BANGUI (Reuters) - Central African Republic’s embattled President Francois Bozize said on Sunday he was ready to share power with the leaders of a rebellion that has swept aside government defenses to within striking distance of the capital.
The three-week old onslaught by the rebel alliance Seleka has highlighted the instability of the landlocked former French colony, which remains one of the least developed nations on the planet despite its rich deposits of uranium, gold and diamonds.
“I am ready to form a government of national unity with Seleka to run the country together, because I am a democrat,” Bozize told a news conference following a meeting with African Union Chairman Thomas Yayi Boni in the capital Bangui.
He added that he was ready to attend peace talks that are being organized by regional leaders in Libreville, Gabon, “without condition and without delay”.
It was unclear if the offer would defuse a crisis that has posed the biggest threat to Bozize’s nearly 10 years in charge of the country, nestled in the midst of a turbulent region known for wars and haunted by armed groups.
A spokesman for the rebels said the group would consider Bozize’s offer, but added its aim was not to join the existing government.
“I take note of his proposals. We need to meet to study them,” Seleka spokesman Eric Massi told France 24 television. He said the rebels also wanted to see what guarantees would be made to them.
“Know that Seleka’s aim today is not to enter into a government but to allow the people of Central African Republic to be able to drive the country towards development and self-fulfillment,” he said.
Seleka, an alliance of three armed groups, accuses Bozize of failing to honor a 2007 deal under which members who laid down their guns were meant to be paid. It claims to have a force of more than 3,000 men and to have positions within 75 kilometers (45 miles) of Bangui.
The last time rebels reached Bangui was in 2003 during the insurgency that swept Bozize to power.
FEARING THE WORST
Residents in the ramshackle riverside capital have either fled or stockpiled food and water in their homes in preparation for a rebel attack.
The streets of the city were largely deserted on Sunday save for military patrols and a trickle of churchgoers. Youths carrying machetes had set up makeshift barricades along main roads during a driving ban imposed overnight.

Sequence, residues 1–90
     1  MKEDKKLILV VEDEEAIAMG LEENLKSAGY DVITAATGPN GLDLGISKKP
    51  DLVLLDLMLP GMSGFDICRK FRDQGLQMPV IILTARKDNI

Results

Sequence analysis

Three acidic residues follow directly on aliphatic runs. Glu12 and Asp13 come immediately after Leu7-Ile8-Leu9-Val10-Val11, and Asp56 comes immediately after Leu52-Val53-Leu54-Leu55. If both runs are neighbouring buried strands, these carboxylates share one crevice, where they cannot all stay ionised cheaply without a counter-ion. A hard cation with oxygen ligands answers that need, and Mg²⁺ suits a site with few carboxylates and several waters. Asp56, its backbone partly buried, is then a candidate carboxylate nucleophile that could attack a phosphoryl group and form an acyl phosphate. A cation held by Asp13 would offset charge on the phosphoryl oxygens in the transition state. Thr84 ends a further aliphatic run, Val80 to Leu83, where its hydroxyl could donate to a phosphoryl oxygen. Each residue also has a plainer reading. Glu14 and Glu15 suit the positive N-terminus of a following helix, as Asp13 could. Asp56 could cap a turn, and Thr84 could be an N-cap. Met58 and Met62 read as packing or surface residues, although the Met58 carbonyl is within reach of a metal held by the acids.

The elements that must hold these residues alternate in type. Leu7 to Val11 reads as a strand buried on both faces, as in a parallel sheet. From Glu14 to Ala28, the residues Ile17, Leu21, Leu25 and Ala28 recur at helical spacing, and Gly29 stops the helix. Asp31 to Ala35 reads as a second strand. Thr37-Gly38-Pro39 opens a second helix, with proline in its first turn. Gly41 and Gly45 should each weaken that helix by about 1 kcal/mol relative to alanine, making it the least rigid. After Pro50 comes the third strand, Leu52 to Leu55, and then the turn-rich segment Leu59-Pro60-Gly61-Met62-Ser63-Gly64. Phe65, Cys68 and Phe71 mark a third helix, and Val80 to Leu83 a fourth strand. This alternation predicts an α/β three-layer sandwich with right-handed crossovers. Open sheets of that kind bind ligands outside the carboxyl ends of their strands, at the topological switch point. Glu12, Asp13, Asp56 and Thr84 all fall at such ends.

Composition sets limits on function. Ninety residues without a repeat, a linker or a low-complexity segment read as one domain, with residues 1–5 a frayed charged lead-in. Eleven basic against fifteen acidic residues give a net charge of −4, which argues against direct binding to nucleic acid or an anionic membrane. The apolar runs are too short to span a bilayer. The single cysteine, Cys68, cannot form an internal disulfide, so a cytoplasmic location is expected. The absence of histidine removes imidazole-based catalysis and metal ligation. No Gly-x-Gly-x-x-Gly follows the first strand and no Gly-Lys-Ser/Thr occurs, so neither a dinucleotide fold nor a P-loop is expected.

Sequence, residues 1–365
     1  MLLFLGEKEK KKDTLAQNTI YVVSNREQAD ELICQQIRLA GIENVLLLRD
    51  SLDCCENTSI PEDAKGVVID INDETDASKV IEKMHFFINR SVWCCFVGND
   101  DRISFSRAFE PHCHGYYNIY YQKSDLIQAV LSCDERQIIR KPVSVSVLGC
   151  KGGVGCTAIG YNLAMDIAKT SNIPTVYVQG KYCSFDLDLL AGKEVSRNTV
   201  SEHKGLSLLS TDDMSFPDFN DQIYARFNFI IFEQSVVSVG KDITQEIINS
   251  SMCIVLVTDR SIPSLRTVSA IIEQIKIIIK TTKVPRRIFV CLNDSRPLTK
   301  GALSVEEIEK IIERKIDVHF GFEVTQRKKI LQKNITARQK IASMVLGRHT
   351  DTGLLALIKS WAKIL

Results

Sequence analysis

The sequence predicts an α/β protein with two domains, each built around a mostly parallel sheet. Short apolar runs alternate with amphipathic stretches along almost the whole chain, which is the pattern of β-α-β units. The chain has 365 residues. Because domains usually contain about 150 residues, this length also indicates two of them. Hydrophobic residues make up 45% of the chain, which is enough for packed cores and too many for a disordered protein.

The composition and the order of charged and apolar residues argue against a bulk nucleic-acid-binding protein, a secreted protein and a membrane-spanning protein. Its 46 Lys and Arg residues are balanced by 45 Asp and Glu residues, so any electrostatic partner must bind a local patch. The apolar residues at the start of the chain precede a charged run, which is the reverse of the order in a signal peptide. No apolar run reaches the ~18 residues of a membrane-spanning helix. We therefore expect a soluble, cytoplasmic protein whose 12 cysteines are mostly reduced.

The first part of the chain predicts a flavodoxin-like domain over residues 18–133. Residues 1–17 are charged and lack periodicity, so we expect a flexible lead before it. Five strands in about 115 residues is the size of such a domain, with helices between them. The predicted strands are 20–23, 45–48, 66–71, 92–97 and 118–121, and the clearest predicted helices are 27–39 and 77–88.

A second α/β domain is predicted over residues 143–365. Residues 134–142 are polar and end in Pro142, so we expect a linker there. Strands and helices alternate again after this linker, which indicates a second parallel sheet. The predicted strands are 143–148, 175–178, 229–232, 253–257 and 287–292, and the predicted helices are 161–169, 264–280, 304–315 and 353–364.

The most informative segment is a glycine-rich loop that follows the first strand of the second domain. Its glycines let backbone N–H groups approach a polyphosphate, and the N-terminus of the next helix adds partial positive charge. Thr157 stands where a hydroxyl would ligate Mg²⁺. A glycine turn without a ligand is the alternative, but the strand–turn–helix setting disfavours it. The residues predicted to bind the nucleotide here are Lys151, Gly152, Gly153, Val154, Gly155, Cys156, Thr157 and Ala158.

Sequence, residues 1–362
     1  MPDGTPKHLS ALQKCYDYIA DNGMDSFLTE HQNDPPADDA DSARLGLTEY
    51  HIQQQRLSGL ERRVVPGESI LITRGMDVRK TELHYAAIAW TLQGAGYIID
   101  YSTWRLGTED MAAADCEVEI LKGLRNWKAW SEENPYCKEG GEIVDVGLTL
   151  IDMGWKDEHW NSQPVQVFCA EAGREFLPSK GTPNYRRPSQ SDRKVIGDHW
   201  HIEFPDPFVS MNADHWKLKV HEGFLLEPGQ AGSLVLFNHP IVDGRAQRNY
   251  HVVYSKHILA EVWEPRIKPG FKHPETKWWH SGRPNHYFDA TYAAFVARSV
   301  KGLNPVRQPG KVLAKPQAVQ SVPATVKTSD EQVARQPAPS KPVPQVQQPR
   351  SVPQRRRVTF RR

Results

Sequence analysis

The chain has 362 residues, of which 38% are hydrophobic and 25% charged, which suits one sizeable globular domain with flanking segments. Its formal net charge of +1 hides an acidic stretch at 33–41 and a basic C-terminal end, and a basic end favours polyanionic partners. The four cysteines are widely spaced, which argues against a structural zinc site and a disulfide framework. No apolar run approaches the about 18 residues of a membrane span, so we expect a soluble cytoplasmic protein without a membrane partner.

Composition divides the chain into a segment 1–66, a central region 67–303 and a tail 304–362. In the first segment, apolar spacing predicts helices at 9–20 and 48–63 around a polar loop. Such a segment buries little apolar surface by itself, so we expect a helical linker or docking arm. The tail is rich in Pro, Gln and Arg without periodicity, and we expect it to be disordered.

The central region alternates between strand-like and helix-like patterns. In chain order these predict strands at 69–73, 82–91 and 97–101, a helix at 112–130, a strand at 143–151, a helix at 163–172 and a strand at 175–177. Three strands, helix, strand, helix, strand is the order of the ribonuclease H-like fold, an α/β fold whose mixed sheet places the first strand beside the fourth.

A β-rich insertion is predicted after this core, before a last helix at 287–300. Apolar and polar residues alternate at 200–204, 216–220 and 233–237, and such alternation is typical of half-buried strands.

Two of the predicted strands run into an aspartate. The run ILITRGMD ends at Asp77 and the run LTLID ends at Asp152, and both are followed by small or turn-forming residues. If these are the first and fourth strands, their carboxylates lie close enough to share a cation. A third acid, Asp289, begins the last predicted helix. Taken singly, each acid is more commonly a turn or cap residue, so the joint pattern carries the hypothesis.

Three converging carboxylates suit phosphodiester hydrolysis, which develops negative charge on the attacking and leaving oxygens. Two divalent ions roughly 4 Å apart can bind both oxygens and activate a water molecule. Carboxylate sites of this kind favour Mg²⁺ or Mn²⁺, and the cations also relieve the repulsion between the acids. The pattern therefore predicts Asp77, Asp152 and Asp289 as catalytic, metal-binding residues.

“There is a great deal of fear here now, and people are hiding their belongings and seeking safety,” said Genael Dongonbo, a student at Bangui University from the northern town of Bambari. “I’d also like to leave, but I have no money and the rebels have already seized my town.”
With a government that holds little sway outside the capital, some parts of the country have long endured the consequences of conflicts spilling over from troubled neighbors Chad, Sudan and the Democratic Republic of Congo.
Central African Republic is one of a number of countries in the region where U.S. Special Forces are helping local forces try to track down the Lord’s Resistance Army, a rebel group which has killed thousands of civilians across four nations.
Regional neighbors agreed on Friday to send more troops to shore up CAR’s army after a string of defeats this month, and after French President Francois Hollande rejected a plea for Western military help made by Bozize last week.
The Economic Community of Central African States (ECCAS)already has more than 500 peacekeepers in CAR. Officials did not say how many more would be added or when they would arrive.
About 1,200 French nationals live in CAR, mostly working for mining firms and aid groups in the capital. The French defense ministry sources said Paris had in recent days boosted its force in CAR to nearly 600 from an existing 250-strong deployment safeguarding French citizens.
French nuclear energy group Areva mines the Bakouma uranium deposit in CAR’s south - France’s biggest commercial interest in its former colony.
The United States said on Thursday it had closed its embassy in Bangui and evacuated its staff.
Additional reporting by Richard Valdmanis in Dakar, Paul-Marin Ngoupana in Bangui, Madjiasra Nako in N’Djamena, and Catherine Bremer in Paris; Editing by Rosalind Russell